Ann Messenger has enjoyed a varied and eventful career in a variety of influential positions. In this interview she reflects upon the toughest challenges facing managers and leaders today, and shares some of the lessons she has learnt.
By Jade Collins and Alanna Bastin-Byrne
Ann Messenger FIML is the Chair of the Board of the Institute of Managers and Leaders (IML). She is a chartered accountant and has enjoyed a varied global career, including six years working in Latin America as an equities analyst covering emerging markets.
Messenger worked in corporate finance and middle market advisory roles with professional services firms KPMG and HLB Mann Judd and later secured in-house roles such as Chief Financial Officer and Chief Operating Officer with a variety of organisations including the Sydney Chamber of Commerce. Messenger has a strong interest in not-for-profits. During 2009 and 2010, she was the General Manager of St John’s College (within the University of Sydney) and in 2011 was appointed to Mosman Council’s Development Assessment Panel.
Messenger led the strategic rebrand of the Australian Institute of Management Group (AIM) to the Institute of Managers and Leaders to refocus the organisation’s purpose on setting and promoting the national standard of management and leadership competence. As part of this change, IML is the only assessing body outside of the UK offering the internationally recognised Chartered Manager (CMgr) qualification.
You are the first national Chair of the Institute of Managers and Leaders and originally joined as a student member of AIM in the 1980`s. Tell us about your long association with the organisation and how it has influenced and supported your leadership journey.
When I joined in the 1980s, management was a relatively new discipline and AIM was at the forefront of what was at that time the burgeoning field of management education and training. Since then, management education and training has become ubiquitous and IML has morphed into what it is today, the go-to professional body for managers and leaders.
IML has always had a sense of fraternity and as a young management professional there was a great sense of support in meeting others who were effectively in the same boat, not to mention a veritable gold mine of mentors who were always incredibly generous with their time and eager to help. Because IML has always been a completely independent non-aligned not-for-profit organisation, it occupies a unique position in being able to provide a nurturing forum for the profession.
What do you believe are the most pressing challenges leaders and managers face today?
The need for leaders and managers to constantly learn, adapt and change has never been greater. Nothing is static and with information at everybody’s fingertips there’s a constant expectation that we must keep up or be left behind. This is incredibly challenging and exciting but, of course, our reliance on non-curated and unverified data presents risks (and sometimes even fake news!). Seriously, though, this is where professional bodies like IML come into their own in providing sounding boards and support networks of like-minded people with whom we’re not in direct competition in a workplace.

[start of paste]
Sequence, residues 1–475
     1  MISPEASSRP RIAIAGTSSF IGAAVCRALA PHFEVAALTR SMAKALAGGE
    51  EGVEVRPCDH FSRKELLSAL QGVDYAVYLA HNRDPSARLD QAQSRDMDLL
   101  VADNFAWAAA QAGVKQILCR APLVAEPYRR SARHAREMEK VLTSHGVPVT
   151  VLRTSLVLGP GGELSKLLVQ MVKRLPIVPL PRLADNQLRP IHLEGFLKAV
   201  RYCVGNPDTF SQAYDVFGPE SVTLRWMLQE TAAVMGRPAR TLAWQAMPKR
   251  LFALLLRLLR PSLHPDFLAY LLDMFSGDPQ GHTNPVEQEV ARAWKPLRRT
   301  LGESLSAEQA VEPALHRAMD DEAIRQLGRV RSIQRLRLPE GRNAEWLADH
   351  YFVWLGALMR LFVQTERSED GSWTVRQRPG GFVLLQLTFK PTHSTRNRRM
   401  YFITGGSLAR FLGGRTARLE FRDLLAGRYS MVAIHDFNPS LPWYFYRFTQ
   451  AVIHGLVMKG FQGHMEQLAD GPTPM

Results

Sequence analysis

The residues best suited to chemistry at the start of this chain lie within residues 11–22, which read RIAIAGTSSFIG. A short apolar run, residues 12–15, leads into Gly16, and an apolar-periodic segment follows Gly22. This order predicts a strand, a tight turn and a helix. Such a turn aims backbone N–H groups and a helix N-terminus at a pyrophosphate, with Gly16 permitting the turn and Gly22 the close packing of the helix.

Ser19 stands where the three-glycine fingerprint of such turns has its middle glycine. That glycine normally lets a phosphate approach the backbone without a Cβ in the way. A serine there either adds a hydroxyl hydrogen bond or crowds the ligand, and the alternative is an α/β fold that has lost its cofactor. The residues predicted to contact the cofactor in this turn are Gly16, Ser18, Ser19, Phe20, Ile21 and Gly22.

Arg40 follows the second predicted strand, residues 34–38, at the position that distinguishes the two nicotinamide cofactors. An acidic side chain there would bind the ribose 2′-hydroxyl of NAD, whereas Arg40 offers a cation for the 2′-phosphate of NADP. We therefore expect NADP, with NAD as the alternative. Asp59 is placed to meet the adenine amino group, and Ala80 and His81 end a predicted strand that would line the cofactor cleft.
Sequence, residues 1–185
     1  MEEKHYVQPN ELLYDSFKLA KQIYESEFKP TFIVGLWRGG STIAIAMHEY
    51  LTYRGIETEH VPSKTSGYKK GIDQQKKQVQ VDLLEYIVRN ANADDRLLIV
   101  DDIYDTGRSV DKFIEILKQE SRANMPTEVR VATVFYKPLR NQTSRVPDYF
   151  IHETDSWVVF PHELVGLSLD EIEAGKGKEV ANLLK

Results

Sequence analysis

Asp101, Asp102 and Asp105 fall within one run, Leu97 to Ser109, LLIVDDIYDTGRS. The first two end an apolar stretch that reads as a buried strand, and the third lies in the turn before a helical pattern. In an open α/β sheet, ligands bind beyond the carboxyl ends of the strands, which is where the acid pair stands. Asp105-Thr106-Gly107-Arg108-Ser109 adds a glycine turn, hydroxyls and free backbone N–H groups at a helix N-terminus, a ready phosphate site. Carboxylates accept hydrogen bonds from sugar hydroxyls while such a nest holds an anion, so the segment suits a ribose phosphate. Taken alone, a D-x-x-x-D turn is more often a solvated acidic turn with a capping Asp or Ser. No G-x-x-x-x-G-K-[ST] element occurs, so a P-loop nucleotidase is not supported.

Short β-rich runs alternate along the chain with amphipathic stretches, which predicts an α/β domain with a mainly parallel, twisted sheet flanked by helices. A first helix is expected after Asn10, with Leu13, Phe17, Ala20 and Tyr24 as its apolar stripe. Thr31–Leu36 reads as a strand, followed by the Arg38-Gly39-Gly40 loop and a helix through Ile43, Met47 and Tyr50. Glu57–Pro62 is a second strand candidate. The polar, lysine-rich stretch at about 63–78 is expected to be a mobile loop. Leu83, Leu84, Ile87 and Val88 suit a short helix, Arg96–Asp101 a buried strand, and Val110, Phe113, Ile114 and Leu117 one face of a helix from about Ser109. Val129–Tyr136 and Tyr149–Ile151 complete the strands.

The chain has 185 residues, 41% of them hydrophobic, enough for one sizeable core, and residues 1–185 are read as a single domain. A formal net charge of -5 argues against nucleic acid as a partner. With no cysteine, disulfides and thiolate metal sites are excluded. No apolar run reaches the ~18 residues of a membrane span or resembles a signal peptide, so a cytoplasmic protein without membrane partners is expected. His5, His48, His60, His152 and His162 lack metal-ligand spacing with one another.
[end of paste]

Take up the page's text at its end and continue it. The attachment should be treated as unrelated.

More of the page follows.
IML has long advocated gender equality and diversity in leadership. What can organisations do to accelerate achieving leadership diversity and a culture of inclusion?
As leaders we can try to understand and appreciate that we are employing the “whole person”, not just the “professional part”. The good news is that by adopting a more holistic view of the individuals who make up our workforce – a culture of acceptance and inclusion follows. Leaders of organisations that do that are inherently promoting diversity and inclusion and, by the way, achieving much higher returns on their human resource investment.
Leaders can also dispel the myth that employees are somehow almost robotic, one dimensional units of production and accept that work is a means to an end for all but the saddest of the workaholics among us. In doing so, we bring some humanity, acceptance and inclusion into our workplaces.
As an experienced director, what would you recommend as the best preparation to those who are considering pursuing board roles?
There are a million and one sage and sobering accounts of boardroom activities, the most colourful of which unfortunately exist in court reports. Gaining an understanding of corporate governance is absolutely critical. Although experience within the boardroom via executive roles provides valuable insights, a director’s perspective is and must be entirely different. Governance is key.
What has been your greatest challenge?
There have been so many challenges. One that’s front of mind for me right now is accepting that sometimes things just have to play out and, as a leader, there are times when you just have to allow that to happen. The learnings and evolution that result for all concerned sometimes just have to come from the actual experience.
What are you most proud of?
In my role as Chair of IML, it’s got to be the rebrand and reinvention of the organisation. That is, of course, still happening. It’s been incredibly rewarding to watch the reaction to this fresh new brand.
What’s your one piece of advice for future female leaders?
I’m going to steal from Eleanor Roosevelt here. She once said something along the lines of: “Do what you know in your heart is the right thing to do because you’ll be criticised anyway!”
I guess that’s another way of saying believe in yourself and see it through – but I’d caveat that by saying, always…always listen to those who you know have your best interests at heart…and then do what you think is right!
As leaders we can try to understand and appreciate that we are employing the “whole person”, not just the “professional part”.